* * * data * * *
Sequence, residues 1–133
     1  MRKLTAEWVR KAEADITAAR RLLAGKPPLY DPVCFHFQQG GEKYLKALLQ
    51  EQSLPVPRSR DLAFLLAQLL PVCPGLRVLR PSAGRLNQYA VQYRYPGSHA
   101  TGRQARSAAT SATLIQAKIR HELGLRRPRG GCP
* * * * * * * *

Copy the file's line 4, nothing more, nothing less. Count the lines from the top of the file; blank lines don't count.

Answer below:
   101  TGRQARSAAT SATLIQAKIR HELGLRRPRG GCP